safety behind biosolids recycling, It is strange that Rubin
would still be trying to change public perception just to
justify wasting his life and destroying many more.
Wastewater treatment does remove about 95 percent of the
chemicals, pathogens (bacteria, viruses) and solids from
sewage. These biological solids make up 1/2 to 4 percent of
the sludge leaving the treatment plant. 60% of these
biological solids are now directly applied to crops in
California?. Some pathogens may be inactivated for a short
time. Others are not affected.
EPA has stated in the current Biosolids composting fact
sheet that "Potential environmental impacts may result from
both composting operations and use of the compost
product. Survival and presence of primary pathogens in the
product." "Composting is not a sterilization process and a
properly composted product maintains an active
population of beneficial microorganisms that compete
against the pathogenic members. Under some
conditions ,explosive regrowth of pathogenic
microorganisms is possible. Dispersion of secondary
pathogens such as Aspergillus fumigatus, particulate
matter,other airborne allergens"
What Rubin meant to say is that there is not one peer
reviewed study that states the biological solids in sludge are
safe for public exposure. EPA's own David Lewis had a peer
reviewed published study showing health risks to real
What Rubin meant to say was that since EPA and the state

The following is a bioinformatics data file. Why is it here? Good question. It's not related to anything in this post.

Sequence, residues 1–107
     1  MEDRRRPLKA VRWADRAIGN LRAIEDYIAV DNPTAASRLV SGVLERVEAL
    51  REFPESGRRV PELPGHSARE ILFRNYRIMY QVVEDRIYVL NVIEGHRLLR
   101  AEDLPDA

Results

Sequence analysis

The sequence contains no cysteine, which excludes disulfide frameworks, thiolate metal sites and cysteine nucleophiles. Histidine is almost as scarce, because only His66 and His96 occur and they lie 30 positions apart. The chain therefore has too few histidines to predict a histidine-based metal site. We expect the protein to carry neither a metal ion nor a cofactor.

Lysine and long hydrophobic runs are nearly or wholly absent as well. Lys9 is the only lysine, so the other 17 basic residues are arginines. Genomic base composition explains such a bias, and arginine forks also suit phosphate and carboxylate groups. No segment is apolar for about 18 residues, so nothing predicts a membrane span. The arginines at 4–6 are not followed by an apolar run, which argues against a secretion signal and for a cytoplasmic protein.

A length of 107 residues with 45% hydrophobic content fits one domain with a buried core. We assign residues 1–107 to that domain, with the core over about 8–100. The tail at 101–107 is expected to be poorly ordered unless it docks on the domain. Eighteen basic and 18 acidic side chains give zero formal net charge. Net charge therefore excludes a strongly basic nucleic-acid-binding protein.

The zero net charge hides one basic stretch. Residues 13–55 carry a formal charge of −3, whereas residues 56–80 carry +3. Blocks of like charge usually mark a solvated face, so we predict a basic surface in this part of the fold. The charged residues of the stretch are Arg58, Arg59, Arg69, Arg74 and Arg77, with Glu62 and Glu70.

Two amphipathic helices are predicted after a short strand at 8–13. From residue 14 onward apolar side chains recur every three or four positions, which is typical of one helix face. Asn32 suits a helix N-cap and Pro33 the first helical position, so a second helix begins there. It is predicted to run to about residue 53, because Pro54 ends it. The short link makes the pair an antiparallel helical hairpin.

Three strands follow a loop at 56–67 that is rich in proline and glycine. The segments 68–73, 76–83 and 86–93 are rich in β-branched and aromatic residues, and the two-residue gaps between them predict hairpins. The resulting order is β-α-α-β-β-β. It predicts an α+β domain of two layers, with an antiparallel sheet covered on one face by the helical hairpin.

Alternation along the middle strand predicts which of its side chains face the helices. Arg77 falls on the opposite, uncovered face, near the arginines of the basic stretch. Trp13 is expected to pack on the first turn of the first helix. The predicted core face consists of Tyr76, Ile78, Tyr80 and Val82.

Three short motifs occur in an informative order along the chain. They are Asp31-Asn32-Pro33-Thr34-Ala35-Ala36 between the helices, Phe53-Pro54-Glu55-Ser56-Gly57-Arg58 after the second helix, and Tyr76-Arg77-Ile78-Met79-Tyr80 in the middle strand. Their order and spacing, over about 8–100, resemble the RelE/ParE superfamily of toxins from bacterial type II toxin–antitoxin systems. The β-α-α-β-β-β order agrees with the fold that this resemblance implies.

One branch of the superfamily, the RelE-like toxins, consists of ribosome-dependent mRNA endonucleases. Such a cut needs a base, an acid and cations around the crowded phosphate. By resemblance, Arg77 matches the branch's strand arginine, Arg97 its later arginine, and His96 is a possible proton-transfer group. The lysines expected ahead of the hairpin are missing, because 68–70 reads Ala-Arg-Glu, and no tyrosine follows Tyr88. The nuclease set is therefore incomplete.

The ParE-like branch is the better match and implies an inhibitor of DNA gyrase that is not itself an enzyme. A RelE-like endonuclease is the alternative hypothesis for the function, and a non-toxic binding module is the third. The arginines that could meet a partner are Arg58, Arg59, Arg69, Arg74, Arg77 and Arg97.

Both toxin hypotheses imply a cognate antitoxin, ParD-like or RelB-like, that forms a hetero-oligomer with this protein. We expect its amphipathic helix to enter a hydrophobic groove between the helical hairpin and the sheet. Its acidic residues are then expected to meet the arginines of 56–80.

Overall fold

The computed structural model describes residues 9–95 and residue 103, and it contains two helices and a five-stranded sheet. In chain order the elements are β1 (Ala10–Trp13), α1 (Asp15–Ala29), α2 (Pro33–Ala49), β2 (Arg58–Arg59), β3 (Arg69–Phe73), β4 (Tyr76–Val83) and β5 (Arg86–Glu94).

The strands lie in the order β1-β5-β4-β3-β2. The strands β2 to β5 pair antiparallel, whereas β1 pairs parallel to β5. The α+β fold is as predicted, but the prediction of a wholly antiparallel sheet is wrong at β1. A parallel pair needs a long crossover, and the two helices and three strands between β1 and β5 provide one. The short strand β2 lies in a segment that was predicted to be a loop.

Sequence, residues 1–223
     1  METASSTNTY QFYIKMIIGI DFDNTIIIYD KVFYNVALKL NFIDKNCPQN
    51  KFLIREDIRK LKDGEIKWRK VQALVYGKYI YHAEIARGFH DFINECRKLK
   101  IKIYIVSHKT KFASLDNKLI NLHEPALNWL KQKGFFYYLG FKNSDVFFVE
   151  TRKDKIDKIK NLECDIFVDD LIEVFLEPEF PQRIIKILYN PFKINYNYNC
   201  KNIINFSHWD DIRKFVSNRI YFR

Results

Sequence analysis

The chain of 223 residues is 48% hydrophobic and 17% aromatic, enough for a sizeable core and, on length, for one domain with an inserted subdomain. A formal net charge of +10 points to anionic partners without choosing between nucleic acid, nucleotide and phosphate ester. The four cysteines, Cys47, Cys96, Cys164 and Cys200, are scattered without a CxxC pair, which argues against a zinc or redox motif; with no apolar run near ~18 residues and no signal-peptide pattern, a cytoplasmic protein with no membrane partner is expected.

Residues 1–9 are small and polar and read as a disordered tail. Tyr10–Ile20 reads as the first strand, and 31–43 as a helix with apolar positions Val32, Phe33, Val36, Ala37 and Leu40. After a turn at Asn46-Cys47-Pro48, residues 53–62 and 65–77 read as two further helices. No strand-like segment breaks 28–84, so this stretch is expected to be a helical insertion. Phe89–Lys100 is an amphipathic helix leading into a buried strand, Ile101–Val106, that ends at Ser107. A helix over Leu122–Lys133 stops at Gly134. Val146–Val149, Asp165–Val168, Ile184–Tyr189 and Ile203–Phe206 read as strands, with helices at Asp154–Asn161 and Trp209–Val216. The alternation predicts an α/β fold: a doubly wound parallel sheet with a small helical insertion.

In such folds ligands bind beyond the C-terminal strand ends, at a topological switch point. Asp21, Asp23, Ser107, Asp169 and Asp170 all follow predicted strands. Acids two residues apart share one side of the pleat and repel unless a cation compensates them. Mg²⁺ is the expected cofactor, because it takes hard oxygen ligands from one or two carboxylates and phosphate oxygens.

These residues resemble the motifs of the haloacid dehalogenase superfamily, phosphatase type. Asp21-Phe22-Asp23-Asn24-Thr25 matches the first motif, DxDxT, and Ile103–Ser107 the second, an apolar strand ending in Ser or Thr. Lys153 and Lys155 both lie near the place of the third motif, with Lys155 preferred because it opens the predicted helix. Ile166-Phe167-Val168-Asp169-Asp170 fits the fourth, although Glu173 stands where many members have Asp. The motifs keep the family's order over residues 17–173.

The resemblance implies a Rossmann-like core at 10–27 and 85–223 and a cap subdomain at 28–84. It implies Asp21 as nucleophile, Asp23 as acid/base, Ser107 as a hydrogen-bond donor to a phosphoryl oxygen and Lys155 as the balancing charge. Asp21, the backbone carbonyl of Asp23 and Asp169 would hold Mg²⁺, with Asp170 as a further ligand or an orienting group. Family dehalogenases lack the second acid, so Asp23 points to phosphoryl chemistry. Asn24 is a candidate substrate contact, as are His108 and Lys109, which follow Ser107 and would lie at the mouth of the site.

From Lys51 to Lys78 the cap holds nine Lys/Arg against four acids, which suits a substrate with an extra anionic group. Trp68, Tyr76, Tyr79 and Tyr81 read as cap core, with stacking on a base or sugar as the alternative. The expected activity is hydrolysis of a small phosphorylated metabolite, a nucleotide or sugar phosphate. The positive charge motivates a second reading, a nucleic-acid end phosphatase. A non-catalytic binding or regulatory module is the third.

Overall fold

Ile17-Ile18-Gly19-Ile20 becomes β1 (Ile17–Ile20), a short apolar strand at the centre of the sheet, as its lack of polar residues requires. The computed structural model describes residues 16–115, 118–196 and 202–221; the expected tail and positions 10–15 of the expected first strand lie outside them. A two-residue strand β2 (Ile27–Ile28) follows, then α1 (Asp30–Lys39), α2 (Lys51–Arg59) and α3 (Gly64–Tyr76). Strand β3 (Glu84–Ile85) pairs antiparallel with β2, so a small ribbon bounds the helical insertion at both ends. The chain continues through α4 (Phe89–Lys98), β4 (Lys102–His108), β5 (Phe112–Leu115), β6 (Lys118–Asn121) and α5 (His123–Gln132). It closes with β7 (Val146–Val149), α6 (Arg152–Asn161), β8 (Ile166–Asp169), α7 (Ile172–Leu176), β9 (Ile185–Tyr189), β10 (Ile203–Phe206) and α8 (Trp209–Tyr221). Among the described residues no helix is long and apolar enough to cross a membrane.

environmental departments approved these composting
facilities, all agencies have refused to investigate any
health complaints from the people in these communities.
The agencies have betrayed their trust.
Since 1986, food poisoning incidences have explode from
2 million to 76 million in 1999. But when we observe the big
picture, Papillomavirus now infect 25 million female
children and women. No one has any idea how many male
children and men are infected even though CDC classified
it as a sexually transmitted disease.
Attention-Deficit/Hyperactivity Disorder (ADHD) among our
children and adults has exploded and is now epidemic
effecting 5-7-percent or more of our children -- and adults.
The paramyxoviruses, which causes mumps and measles
caused 745,000 deaths in 2001. Human Obesity is now
epidemic. Autism is epidemic with 1 in 150 children effected.
Acid refux disease is epidemic. Alzheimer's disease is
epidemic. The we have the flesh eating bugs, Staph bug
causes new (Necrotizing) pneumonia, Aspergillus
Necrotizing pneumonia, Group A Strep Necrotizing
pneumonia, E. Coli Necrotizing pneumonia, Yersinis
pneumonia. Without immediate medical attention, life
expectancy is from 72 hours to one week.
EPA acknowledges that exposure to a pollutant (chemical,
bacteria, virus, etc.) in biosolids/sludge through the air,
water or food-chain, "-- could, on the basis of information
available to the Administrator of EPA, cause death, disease,
behavioral abnormalities, cancer, genetic mutations,
physiological malfunctions (including malfunction in
reproduction), or physical deformations in either organisms
[people] or offspring [children] of the organisms [people]."
FR. 58, 32, p. 9389 - part 503.9(t)
17 year sludge researcher.
Biosolids management is not addressed anywhere in the
Part 503 Standards. "EPA concluded that adequate
protection of public health and the environment did not
require the adoption of standards designed to protect
human health or the environment under exposure
conditions that are unlikely and where effects were not
significant or widespread." (FR. 58, p. 9252)
ALAN RUBIN THREATENED ACTIVIST
Time article, September 27, 1999
Response to Rubin's letter to Editor
by Jim Bynum
Letters to the Editor March 30, 2007
|Alan Rubin claims to have written the Part 503 sludge
guidelines, which was based on exclusions in the laws,
and published in February 1993.